There is a great opportunity here for you. At this time, half a century after this book's publication, behaviorism is not well supported. To be sure, there are practicing behaviorists and some excellent progress in the application of behavioral analysis. But behaviorism seems to be heavily resisted, as Skinner himself recognized. This book has excited me. Read it and if it indeed excites you, even as a layperson, see what you can do to apply it and to educate others about it. The opportunity is that there is still a lot to learn about how to apply it in our everyday life. This stuff is too important not to embrace...well, see what you think.
5 of 6 people found the following review helpful
on 9 June 2009
Acknowledged as the most influential psychologist ever, Skinner stands in Social Science as Darwin stands in Biology and Newton stands in Physics.
Being the most recent, Skinner is inevitable the most controversial. It may be century before mankind can abandon its cherished false beliefs and apply Skinner's findings as we now apply those of Newton and Darwin.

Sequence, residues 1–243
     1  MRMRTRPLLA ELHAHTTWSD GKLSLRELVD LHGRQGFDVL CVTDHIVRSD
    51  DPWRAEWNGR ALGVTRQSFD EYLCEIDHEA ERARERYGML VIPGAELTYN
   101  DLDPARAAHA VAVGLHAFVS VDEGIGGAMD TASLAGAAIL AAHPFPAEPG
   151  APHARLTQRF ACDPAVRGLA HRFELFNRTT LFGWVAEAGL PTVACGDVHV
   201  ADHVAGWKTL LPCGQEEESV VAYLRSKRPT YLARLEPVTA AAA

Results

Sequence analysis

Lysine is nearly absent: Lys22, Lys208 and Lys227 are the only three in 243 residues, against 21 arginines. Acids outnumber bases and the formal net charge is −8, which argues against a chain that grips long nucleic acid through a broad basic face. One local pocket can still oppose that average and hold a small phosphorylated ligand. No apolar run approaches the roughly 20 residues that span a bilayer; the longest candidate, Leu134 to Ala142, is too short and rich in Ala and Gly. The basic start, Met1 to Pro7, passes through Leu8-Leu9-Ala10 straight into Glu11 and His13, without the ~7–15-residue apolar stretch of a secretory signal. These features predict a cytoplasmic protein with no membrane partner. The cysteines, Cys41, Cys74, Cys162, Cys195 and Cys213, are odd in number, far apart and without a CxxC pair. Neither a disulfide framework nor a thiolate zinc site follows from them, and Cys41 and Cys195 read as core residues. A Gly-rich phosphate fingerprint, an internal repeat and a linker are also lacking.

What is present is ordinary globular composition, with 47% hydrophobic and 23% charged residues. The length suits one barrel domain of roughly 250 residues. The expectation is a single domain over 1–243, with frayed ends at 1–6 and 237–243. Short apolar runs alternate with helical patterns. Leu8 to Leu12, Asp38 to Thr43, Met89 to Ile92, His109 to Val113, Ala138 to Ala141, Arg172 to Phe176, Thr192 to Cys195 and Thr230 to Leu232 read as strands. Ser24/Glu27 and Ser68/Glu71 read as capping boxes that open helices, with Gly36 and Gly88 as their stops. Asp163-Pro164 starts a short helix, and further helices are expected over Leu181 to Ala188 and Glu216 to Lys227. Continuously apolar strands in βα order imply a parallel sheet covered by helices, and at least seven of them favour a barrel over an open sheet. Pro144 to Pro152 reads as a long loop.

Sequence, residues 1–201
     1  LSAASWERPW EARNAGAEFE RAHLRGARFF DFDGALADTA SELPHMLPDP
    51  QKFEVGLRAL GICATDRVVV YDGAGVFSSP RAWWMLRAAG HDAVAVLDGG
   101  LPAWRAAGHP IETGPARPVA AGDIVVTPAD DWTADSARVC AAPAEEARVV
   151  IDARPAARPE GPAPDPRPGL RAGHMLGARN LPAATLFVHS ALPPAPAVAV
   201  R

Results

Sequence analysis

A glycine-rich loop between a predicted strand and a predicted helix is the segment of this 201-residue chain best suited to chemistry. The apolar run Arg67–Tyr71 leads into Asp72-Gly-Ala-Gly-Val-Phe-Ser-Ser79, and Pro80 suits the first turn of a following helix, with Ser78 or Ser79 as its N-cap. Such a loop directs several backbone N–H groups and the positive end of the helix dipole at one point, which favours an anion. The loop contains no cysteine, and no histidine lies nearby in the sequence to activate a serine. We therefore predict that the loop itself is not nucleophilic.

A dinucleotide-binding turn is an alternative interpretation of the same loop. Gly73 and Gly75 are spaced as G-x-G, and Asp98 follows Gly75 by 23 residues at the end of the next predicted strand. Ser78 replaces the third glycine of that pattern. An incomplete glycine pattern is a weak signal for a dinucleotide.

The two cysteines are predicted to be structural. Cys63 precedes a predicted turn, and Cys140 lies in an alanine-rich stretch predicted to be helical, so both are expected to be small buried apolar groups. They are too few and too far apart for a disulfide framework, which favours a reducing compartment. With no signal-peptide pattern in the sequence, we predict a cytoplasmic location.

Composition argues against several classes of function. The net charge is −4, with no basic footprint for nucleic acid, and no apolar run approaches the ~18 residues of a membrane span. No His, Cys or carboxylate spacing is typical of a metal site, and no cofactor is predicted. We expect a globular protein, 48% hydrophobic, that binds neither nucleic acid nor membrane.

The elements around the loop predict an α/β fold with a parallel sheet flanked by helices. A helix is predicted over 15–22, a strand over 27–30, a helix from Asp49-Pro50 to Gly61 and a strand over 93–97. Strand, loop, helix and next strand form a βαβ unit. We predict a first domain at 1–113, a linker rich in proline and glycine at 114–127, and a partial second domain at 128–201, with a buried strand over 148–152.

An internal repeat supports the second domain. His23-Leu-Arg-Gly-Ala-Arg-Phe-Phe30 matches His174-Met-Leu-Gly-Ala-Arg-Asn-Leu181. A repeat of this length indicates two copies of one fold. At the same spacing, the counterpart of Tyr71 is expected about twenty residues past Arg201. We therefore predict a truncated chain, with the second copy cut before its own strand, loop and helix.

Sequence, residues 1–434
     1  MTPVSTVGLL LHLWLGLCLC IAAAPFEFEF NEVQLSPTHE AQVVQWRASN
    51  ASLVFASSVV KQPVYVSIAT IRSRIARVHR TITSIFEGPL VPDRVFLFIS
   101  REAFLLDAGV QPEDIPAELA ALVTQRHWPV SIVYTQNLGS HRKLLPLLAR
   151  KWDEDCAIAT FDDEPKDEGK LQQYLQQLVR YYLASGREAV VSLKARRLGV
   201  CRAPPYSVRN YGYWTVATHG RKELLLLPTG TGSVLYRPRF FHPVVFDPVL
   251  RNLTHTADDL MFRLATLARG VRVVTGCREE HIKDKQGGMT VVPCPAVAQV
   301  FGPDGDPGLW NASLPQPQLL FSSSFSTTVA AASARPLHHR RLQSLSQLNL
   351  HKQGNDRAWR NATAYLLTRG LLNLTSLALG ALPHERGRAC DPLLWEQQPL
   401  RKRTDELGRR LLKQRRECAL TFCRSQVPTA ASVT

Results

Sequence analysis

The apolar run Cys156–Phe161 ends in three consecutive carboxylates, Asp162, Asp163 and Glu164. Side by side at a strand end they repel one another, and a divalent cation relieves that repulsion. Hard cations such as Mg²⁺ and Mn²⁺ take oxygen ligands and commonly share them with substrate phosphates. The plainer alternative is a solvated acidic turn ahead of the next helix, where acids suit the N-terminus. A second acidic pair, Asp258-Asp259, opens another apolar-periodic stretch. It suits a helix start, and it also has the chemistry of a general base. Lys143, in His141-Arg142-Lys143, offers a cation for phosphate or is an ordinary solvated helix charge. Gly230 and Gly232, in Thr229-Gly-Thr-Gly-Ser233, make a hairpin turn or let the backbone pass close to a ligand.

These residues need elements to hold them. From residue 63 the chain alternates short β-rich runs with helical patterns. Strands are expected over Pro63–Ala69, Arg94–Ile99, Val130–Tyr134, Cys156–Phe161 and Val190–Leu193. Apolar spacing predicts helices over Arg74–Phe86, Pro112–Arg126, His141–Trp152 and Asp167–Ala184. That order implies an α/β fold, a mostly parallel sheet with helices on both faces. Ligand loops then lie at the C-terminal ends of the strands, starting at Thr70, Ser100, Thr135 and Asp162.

Essential reading for anyone seriously seeking to understand humans
on 13 July 2015
Brilliantly written discourse on the objective approach to human affairs for both specialists and interested readers. B.F.Skinner offers his honest account while remarking his limitations in a thoroughly scientific enquiry of human behaviour, without avoiding controversy. This book is a comprehensive and broad manual to functional analysis at the individual, group and societal levels. Possibly seen as an unconventional approach, environmental determinism and operant behaviour draws explanation on solid observation and evidence and invites the reader to challenge status quo beliefs about behaviour and its causes. Current findings from neuroscience neuropsychology support predictions that Skinner proposed herein that were unavailable at the date of authorship.